Friday, October 25, 2013

Hope Abandoned

It’s been about fifteen years since I took my last graduate course in the University of Illinois’ History Department.  I’m dwelling on my graduate student experience today.  It didn’t turn me into a successful historian, but it did help me to become a more serious reader of European history, someone capable of maintaining a passionately informed “tribute band” blog about Soviet Studies.  

I hated being in Urbana.  I hated the smallness of the place, hated its deep familiarity.  But how can I forget what Urbana taught me? Three and a half years in the place worked miracles on my knowledge of the past and forever altered my relationship to the world in general.  Years after my last course in Urbana, I walked into Gregory Hall and realized with awe how fortunate I had been to have received an education, however unfinished it remains, from so many first-rate historians.  As it turns out, I won’t be going back there.  But I don’t think I regret my time there, as depressing, isolating, and difficult as full-fledged scholarly work turned out to be. 

Let me illustrate my point by talking about zombies.  Last night I watched another episode of the television show, The Walking Dead.  Seeing that show, and loving that show, I somehow realized that my enjoyment of the script, and of countless other popular as well as literary or historical artifacts, is fully predicated on the serious effort I made to learn more about the world in graduate school.  As I thought about the show, I realized that its claim to greatness rests not only upon its stunning cinematography and Shakespearean plots, but also upon its relationship to history, literature, and culture.  It’s the creator’s awareness of context that makes the show truly great. 

Zombies are always fascinating.  In one sense, we like them because they are, all things considered, among the safest horrors of human invention.  The living dead are gruesome, but they move slowly and awkwardly, and apply absolutely no mental aptitude to the project of human extermination.  In The Walking Dead, we experience a strange sense of joy even in the midst of the apocalypse when we realize that not even 1,000 or zombies can murder a former police officer with even a dash of ingenuity and pluck.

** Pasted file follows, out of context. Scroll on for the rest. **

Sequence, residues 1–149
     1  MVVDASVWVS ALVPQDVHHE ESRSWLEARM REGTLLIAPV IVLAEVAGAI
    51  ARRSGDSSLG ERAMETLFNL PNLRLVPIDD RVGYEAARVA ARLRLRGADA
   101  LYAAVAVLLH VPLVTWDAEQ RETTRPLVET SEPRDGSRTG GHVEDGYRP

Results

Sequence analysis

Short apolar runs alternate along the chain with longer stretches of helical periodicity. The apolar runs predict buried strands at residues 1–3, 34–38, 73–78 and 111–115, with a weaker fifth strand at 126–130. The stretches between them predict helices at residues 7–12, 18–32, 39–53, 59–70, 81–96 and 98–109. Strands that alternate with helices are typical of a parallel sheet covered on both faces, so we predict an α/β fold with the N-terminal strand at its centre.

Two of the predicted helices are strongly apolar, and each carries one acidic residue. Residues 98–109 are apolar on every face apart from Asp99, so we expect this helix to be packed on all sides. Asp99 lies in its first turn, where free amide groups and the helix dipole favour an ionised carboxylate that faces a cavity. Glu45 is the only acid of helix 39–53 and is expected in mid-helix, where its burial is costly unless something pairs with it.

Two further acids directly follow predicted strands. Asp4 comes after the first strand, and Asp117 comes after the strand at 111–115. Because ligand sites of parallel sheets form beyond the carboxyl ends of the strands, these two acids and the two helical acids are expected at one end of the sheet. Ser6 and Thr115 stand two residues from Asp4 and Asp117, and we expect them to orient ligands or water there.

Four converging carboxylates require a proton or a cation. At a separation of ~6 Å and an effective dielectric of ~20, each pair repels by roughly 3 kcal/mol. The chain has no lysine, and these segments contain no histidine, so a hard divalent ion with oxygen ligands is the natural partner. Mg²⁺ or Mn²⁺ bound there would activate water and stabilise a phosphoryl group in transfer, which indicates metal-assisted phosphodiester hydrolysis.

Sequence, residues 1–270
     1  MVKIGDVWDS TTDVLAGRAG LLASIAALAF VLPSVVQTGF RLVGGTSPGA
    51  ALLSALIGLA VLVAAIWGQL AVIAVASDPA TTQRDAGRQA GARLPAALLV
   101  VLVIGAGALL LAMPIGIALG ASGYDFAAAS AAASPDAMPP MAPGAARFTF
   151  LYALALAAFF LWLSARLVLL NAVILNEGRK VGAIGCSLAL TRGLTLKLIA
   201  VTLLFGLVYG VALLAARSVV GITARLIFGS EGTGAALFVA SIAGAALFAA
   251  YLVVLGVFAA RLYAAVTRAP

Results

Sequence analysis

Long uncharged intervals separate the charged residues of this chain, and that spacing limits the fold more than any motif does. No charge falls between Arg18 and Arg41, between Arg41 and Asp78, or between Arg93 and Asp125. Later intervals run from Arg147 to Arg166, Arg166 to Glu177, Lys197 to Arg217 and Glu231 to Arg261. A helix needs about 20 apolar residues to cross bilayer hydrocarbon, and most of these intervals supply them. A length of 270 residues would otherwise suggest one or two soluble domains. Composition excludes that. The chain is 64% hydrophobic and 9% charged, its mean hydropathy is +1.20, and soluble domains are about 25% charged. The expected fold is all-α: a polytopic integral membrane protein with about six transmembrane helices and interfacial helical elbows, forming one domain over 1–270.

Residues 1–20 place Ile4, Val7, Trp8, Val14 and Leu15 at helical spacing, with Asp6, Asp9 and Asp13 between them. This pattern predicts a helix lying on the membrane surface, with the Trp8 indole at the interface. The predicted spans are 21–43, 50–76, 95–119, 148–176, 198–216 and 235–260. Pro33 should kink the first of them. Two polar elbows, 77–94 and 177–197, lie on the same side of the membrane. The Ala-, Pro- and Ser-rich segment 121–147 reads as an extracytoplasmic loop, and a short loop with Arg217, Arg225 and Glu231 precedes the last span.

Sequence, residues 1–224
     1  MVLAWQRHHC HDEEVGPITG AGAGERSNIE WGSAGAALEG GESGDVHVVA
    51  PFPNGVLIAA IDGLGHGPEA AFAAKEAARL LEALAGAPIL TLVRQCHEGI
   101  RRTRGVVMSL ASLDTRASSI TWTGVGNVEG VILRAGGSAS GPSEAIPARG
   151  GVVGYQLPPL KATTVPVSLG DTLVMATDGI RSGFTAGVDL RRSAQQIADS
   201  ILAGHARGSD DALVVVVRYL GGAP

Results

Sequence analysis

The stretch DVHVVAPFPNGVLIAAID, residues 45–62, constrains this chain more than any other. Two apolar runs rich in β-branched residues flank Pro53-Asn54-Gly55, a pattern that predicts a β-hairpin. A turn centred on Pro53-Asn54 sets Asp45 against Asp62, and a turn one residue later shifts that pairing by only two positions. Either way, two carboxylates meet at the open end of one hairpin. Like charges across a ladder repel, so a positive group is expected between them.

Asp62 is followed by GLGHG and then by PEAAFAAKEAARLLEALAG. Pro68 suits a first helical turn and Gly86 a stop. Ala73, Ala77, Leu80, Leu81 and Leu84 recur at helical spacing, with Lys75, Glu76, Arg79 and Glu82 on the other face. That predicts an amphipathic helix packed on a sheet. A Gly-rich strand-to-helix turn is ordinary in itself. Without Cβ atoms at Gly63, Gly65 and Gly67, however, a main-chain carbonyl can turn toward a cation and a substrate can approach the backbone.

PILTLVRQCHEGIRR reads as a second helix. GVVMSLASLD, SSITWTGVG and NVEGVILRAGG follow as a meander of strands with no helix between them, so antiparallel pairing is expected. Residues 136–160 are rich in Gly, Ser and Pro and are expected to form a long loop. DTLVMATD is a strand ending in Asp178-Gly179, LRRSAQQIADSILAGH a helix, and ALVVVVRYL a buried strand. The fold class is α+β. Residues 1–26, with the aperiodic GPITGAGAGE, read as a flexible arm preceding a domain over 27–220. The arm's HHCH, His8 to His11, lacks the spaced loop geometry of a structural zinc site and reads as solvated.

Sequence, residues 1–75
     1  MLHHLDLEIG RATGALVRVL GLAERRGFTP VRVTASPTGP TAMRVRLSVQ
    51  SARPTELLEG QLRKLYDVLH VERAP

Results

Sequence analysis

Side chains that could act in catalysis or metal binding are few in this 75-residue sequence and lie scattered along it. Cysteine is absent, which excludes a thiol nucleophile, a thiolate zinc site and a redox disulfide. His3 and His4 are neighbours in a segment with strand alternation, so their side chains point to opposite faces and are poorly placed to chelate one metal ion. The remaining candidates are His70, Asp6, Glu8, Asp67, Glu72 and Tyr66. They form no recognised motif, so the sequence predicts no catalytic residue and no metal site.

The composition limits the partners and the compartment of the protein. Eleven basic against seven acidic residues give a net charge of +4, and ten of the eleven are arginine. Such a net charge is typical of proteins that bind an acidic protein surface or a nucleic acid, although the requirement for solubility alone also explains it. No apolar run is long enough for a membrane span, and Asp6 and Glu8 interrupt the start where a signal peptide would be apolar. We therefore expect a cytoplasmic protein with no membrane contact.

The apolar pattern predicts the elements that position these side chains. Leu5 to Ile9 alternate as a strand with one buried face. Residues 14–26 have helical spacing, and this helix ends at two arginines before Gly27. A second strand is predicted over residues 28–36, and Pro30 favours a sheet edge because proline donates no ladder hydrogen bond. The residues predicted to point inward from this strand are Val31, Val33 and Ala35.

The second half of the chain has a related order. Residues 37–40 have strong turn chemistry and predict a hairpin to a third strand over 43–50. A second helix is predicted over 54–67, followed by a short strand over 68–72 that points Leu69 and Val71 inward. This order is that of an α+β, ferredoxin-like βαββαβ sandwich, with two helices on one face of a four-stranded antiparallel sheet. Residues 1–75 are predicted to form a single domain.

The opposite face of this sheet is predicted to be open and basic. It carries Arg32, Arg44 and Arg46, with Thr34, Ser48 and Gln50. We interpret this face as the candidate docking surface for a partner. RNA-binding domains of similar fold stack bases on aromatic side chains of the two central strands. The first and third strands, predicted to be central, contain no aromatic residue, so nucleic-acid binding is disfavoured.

But this television series offers an even richer source of pleasure when it comes to zombies.  In the Walking Dead, the zombies offer up the viewer a series of fast-shifting metaphors.   By turns, the zombies represent natural disaster, disease, genocidal victimhood, the natural dignity of animals, the status of immigrant or foreigner, and, with one zombie loping gracefully and peacefully across an open field at sunset, sometimes even the beauty of the natural world.

Analyzing the Walking Dead, I know that I wouldn’t be half the culture fan I am today without some exposure to the great thinkers I encountered at the University of Illinois.  So that’s what this blog post comes down to, a recognition that sometimes it’s enough to work very hard to become the kind of audience that great historians deserve.  When I look at my library of Soviet history books, I am sometimes struck by the absurdity of my voracious habit of collection.  What am I doing with all these books?   If I don’t speak or read Russian, why bother with Russian history?  If I’m not getting a doctorate in history, why keep this up?  If I’m not planning on publishing anything, what’s the point of it all?  I think Nadezhda Mandelstam’s second memoir, Hope Abandoned, asks and answers an analogous argument.  Although Nadezhda turned out to be a great author in her own right, it’s clear from her memoirs that her success as a witness to the life of a great poet would have made her life worthwhile even if she had never herself written a word.  She makes this point when discussing the value of even the most untalented of poets:  “…there was also the whole of world poetry, which knew no bounds of time and space.  It does not matter what place a poet has in it, however small it may be.  The very smallest place—just a couple of successful lines, one good poem, a single well-said word—entitles him to enter the fellowship of poets, to be one of ‘us,’ to partake of the feast.”  This then is the point of my blog, to someday utter a single, well-said word, in order to “partake of the feast” of Soviet scholarship. 

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